Jacques traveled a long road to the East. Born in France, he studied at the University of Paris, then sought out the mystic Marie d'Oignies, who encouraged him to preach. He soon won renown across Europe for his attacks on the heretical Albigenses. His reputation earned him an appointment, in 1216, as bishop of the crusader city of Acre.

As bishop, Jacques turned his attention to the conversion of another band of “heretics"—Muslims. In the spring of 1217, he undertook a preaching tour of the coastal region of Syria, which was then under crusader rule. To his delight, two Muslims converted and were baptized in the church of Tortosa.

Encouraged by this early success, Jacques traveled to the Christian—Muslim borderland to preach. But he soon found that most Muslims hesitated to embrace Christianity, for fear of retribution from other Muslims. So he aligned himself with the crusaders, reasoning that Muslims would dare to convert if soldiers could protect them.

The plan failed. Sometimes the crusaders themselves obstructed his work. Soldiers commonly took Muslim captives, many of them children, as slaves. Jacques wanted to convert and baptize them, but under the laws of the crusader kingdoms, any Muslim who converted gained his or her freedom. Therefore, some crusaders refused to allow Jacques to come near their slaves, “although these [Muslims] earnestly and tearfully requested it.”

By 1227, Jacques had given up and gone home. Crusader fortunes had reversed, and neither the conversion nor the defeat of the Muslims seemed likely.

(Raymond Lull) 


Ramon Llull was born on the island of Majorca, off the coast of Spain. Decades before, King James II of Aragon had captured Majorca from the Moors. The king awarded land to his captains, including Llull’s father. So Llull lived a privileged life, eventually rising to a position of overseeing the king’s feasts. He also gained fame as one of the kingdom’s finest poets.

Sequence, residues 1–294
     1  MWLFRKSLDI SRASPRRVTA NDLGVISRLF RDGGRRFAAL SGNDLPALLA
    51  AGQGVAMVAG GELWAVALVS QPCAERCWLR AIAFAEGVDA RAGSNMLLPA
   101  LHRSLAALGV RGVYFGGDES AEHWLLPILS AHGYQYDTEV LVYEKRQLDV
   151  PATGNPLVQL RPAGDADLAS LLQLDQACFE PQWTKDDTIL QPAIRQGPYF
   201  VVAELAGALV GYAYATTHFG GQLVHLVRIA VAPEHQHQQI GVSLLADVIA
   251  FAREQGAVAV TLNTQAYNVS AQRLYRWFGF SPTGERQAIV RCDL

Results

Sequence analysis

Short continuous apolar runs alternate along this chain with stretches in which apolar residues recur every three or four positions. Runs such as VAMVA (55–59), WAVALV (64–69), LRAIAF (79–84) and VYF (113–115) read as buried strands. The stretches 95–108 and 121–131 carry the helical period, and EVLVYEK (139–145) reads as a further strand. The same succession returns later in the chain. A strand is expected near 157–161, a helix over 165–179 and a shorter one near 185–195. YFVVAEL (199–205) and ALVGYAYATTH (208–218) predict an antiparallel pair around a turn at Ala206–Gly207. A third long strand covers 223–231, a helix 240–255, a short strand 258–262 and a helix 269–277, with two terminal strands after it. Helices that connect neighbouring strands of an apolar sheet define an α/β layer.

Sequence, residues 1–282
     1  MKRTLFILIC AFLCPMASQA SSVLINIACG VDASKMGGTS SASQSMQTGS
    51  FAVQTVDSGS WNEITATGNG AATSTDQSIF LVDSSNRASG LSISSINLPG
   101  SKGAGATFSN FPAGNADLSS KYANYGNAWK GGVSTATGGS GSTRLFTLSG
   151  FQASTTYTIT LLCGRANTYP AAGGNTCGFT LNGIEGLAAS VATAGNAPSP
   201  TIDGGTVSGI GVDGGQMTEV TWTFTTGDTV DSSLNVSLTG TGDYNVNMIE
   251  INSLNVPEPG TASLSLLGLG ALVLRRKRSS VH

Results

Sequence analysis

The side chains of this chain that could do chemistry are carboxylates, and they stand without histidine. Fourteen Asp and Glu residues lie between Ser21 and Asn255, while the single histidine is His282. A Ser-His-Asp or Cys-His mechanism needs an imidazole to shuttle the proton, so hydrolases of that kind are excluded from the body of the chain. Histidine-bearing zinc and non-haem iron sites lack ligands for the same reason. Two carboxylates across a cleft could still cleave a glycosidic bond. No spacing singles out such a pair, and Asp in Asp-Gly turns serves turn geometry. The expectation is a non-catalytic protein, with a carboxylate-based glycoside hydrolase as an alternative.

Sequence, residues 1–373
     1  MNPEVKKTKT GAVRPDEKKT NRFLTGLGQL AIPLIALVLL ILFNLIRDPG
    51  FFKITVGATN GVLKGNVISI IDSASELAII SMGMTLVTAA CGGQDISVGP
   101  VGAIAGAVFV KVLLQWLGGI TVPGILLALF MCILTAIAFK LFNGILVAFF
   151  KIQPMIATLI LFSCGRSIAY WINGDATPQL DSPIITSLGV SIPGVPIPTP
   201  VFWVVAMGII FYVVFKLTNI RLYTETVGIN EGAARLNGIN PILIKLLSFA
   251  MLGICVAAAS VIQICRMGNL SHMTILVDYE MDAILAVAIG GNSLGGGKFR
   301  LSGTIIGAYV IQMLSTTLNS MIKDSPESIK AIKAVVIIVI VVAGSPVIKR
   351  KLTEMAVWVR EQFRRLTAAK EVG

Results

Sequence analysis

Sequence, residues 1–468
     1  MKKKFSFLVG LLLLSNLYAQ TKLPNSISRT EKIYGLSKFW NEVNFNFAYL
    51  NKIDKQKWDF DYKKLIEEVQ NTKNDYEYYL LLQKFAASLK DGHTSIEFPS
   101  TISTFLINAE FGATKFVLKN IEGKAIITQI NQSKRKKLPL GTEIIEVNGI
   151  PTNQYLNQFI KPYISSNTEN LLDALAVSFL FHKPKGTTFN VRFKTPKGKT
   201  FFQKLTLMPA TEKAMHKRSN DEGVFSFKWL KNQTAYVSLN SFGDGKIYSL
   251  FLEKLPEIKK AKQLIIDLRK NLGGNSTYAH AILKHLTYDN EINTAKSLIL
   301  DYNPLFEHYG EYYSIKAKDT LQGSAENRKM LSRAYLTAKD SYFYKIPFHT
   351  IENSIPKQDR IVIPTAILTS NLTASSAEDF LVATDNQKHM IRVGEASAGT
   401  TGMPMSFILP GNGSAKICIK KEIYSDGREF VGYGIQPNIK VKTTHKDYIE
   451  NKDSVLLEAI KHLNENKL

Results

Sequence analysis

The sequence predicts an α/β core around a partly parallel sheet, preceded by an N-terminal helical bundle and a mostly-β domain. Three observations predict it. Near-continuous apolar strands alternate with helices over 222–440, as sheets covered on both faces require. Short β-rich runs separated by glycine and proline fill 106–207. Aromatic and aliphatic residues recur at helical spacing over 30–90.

But in July 1266, Llull saw a vision of Jesus on the cross, and his life changed dramatically. He quit writing amorous poetry and retired to a cell, where he spent the next nine years learning Arabic with his Muslim slave. A tragic fight that led to his slave’s death strengthened his resolve to serve God and inspired his motto, “He who loves not lives not.”

Around this time, Llull learned of Francis’s visit to the sultan and discerned God’s call on his life as a missionary to Muslims. As his father had wielded the sword as a soldier, he would wield the sword of the Spirit as a missionary.

A prolific writer, Llull wrote an astonishing 321 books in Latin, Catalan, and Arabic, many of which responded to Islamic challenges to Christianity. His Ars Major sive Generalis (1275) locked horns with Muslim philosophers Avicenna and Averroes on the grounds that Christianity was rational, an innovation in Muslim—Christian dialogue.

In his novel Blanquerna (1287), he outlined two methods of converting Muslims, one peaceful (preaching) and one violent (crusade). Llull appeared to have vacillated between them, though in his Llibre de Contemplacio en Deu (1273), he stated clearly that the Holy Land should be conquered not by force of arms, but “by love, prayers, and the shedding of tears and blood.”

Llull did more than write—he labored to build schools that would train missionaries for service in Muslim lands. In 1276, he established his first school in Majorca, which taught not only theology and philosophy, but also Arabic and the geography of Islamic lands.

"The man unacquainted with geography,” he wrote, “is not only ignorant where he walks but whither he leads. Whether he attempts the conversion of infidels or works for other interests of the Church, it is indispensable that he know the religions and environments of all nations.”

His next step was to convince the papacy of his vision. But corrupt Nicholas IV and Boniface VIII took more interest in lining their pockets. Discouraged, the missionary decided to go to North Africa himself.

In 1291, 1307, and again in 1314, he talked with and preached to the ulema, or Muslim literati. Threatened, imprisoned, and banished twice, Llull would not be silenced. “Death has no terrors for a sincere servant of Christ who is laboring to bring souls to a knowledge of the truth,” he told his captors.

Years before, he wrote in his Llibre de Contemplacio en Deu, “Men are wont to die, O Lord, from old age . . . but thus, if it be your will, your servant would prefer to die in the glow of love.” On June 30, 1315, a Muslim mob granted his desire by stoning him to death in Bugia, Algeria.

By Steven Gertz

[Christian History originally published this article in Christian History Issue #74 in 2002]

Steven Gertz is editorial coordinator for Christian History.